The Demise of Google+

Could it be that Google is finally declaring defeat? Their much maligned social network has been struggling since the beginning and with the odd assortment of Google requirements tacked on to users’ accounts, they didn’t seem to want that life preserver they were thrown.


This past week Google added another nail in the coffin of Google+ by removing the requirement for a Google+ account before using YouTube or any other Google sites. This is a big loss for the social network as that was the main idea behind it, giving its users one identity across all devices. As a user of two smartphones, a tablet, a handful of wearables and enough computers and laptops to give my coworkers reason for worry, I kind of liked Google’s idea.


What went wrong though, was Google forced people to comply with their one world, one identity idea. Nobody liked it even if it did have their best interest in mind. Plus, when you factor in that Google’s own statistics about their monthly active users was always skewed, something that Facebook and Twitter have experienced, they lost a lot of consumer interest.


Google Vice President Bradley Horowitz stated While we got certain things right, we made a few choices that, in hindsight, we’ve needed to rethink,” and in in a seperate post, that the team wants to “formally retire the notion that a Google+ membership is required for anything at Google… other than using Google+ itself.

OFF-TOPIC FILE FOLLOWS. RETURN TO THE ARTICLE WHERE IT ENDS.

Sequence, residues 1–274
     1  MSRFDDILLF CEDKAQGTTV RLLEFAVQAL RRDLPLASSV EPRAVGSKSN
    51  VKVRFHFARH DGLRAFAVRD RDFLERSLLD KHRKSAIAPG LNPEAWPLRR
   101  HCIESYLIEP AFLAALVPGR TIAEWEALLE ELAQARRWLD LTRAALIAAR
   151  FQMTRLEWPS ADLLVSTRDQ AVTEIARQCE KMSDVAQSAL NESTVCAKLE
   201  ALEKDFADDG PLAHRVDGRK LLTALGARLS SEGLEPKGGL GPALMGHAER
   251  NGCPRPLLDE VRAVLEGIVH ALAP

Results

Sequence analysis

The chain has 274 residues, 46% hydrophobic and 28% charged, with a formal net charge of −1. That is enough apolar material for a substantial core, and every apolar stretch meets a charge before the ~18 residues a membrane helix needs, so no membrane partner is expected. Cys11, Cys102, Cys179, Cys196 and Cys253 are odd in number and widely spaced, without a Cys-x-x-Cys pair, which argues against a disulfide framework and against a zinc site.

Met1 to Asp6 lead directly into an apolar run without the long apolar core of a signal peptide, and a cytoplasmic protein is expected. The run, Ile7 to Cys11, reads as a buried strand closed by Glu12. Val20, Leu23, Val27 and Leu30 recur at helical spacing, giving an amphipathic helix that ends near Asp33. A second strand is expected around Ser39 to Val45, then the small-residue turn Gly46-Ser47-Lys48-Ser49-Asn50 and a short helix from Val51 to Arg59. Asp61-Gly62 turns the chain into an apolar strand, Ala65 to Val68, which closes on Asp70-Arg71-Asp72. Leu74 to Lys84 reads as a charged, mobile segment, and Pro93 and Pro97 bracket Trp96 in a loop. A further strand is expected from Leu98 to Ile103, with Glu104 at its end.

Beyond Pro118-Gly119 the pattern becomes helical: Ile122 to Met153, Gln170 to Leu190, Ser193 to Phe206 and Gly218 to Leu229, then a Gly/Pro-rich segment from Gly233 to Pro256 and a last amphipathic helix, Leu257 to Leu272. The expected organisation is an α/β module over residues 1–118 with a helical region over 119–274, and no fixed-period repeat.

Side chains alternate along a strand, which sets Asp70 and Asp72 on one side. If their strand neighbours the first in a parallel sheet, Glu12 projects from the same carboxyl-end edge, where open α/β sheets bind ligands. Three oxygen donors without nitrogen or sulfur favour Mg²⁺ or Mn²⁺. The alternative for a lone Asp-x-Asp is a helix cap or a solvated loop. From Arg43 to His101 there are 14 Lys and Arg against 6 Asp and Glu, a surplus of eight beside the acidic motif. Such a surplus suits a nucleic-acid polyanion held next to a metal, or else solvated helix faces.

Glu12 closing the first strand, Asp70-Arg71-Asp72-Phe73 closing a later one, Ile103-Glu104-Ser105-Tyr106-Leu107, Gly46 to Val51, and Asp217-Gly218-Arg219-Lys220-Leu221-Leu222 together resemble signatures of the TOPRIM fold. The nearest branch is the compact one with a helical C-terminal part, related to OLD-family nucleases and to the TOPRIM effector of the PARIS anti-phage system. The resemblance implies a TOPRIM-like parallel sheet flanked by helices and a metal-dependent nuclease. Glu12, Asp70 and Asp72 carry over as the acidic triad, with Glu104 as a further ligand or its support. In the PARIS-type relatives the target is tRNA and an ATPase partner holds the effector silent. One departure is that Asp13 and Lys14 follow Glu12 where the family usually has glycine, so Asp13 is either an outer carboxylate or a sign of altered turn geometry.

So there you have it; you will only need a Google Account, not a Google+ account, to use Google’s services. These changes will start with YouTube as it was the most battered front for Google.


As always, your underlying Google Account won’t be searchable or followable, unlike public Google+ profiles,” Horowitz writes. “And for people who already created Google+ profiles but don’t plan to use Google+ itself, we’ll offer better options for managing and removing those public profiles.


Google has also gone on record to state that these changes will be rolling out in stages rather than being in one drastic leap that could alienate those of us that like Google+.


While they won’t happen overnight, they’re right for Google’s users—both the people who are on Google+ every single day, and the people who aren’t.



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